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Electronic Structure of Atoms

The periodic table, discussed in Chapter 2, evolved largely from experimental observations. Elements that exhibit similar properties were placed together in the same column of the table. But what are the fundamental reasons for these similarities? Why, for example, are sodium and potassium both soft, reactive metals? Why are helium and neon both unreactive gases? Why do the halogens all react with hydrogen to form compounds that contain one hydrogen atom and one halogen atom?

When atoms react, it is the electrons that interact. Thus, the key to answering questions like those posed above lies in understanding the behavior of electrons in atoms. The arrangement of electrons in an atom is called its electronic structure. The electronic structure of an atom refers not only to the number of electrons that an atom possesses but also to their distribution around the nucleus and to their energies.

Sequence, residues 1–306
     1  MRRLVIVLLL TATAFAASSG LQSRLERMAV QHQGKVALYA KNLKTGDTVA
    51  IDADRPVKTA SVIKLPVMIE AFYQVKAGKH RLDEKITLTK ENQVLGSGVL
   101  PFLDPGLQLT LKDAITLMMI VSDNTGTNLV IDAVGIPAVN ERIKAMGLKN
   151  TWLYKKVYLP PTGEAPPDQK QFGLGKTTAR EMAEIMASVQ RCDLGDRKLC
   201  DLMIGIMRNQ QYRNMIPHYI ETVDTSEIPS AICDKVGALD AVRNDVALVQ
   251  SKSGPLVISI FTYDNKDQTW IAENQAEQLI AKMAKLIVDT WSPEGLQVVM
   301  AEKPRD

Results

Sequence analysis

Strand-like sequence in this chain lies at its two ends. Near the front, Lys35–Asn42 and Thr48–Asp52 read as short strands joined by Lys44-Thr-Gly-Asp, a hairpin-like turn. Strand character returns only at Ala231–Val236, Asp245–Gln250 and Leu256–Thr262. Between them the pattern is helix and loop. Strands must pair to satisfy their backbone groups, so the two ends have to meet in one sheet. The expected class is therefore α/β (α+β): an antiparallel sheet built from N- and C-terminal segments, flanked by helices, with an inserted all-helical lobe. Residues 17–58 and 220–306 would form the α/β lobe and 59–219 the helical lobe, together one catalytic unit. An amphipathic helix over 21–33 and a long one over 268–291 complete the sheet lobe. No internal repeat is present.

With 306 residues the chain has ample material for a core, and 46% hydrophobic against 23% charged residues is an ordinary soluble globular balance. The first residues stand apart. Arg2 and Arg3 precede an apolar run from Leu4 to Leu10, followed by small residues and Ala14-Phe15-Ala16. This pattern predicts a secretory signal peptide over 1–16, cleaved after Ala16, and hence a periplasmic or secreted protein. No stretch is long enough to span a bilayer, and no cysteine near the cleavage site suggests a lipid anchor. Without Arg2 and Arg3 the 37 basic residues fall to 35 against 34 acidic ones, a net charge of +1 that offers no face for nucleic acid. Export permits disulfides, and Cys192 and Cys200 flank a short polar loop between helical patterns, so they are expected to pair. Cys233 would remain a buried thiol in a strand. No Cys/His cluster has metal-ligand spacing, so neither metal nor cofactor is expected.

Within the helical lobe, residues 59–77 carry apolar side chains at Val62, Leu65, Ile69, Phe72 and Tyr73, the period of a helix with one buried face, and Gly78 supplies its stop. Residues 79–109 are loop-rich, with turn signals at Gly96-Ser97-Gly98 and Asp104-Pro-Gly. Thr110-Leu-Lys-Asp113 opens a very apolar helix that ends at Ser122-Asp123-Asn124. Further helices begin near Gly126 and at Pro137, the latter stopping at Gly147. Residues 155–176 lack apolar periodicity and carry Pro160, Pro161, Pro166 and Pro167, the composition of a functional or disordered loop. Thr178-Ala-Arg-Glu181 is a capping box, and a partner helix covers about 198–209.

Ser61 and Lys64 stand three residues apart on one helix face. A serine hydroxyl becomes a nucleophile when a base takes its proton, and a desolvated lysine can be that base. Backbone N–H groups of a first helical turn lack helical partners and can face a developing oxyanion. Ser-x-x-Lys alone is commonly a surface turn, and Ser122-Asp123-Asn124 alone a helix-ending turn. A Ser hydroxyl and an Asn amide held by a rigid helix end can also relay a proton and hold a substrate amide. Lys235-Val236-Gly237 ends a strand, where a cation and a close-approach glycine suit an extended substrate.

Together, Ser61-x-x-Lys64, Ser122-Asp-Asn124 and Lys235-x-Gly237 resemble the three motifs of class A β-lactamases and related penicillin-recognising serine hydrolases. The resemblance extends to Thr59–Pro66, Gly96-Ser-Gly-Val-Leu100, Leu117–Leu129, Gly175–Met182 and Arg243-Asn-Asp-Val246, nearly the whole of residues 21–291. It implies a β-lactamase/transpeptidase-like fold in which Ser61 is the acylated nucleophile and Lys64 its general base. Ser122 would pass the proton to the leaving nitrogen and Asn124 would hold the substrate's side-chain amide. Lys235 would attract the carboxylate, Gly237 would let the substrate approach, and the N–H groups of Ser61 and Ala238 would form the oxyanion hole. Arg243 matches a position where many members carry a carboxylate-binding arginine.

As we will see, electrons do not behave like anything we are familiar with in the macroscopic world. Our knowledge of electronic structure is the result of one of the major developments of twentieth-century science, the quantum theory. In this chapter we will describe the development of the quantum theory and how it led to a consistent description of the electronic structures of the elements. We will explore some of the tools used in quantum mechanics, the new physics that had to be developed to describe atoms correctly. In the chapters that follow, we will see how these concepts are used to explain trends in the periodic table and the formation of bonds between atoms.

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